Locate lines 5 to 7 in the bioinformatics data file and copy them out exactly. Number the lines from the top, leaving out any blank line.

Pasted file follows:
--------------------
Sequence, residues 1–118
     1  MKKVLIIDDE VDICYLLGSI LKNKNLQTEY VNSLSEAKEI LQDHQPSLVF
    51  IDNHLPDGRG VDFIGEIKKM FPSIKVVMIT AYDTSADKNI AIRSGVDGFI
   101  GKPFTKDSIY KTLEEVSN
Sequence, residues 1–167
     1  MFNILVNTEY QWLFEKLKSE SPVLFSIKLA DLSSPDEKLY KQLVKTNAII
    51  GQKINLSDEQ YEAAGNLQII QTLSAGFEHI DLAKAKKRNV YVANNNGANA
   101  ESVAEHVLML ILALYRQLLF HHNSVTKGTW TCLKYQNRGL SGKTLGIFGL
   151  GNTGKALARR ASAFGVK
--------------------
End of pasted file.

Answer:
Sequence, residues 1–167
     1  MFNILVNTEY QWLFEKLKSE SPVLFSIKLA DLSSPDEKLY KQLVKTNAII
    51  GQKINLSDEQ YEAAGNLQII QTLSAGFEHI DLAKAKKRNV YVANNNGANA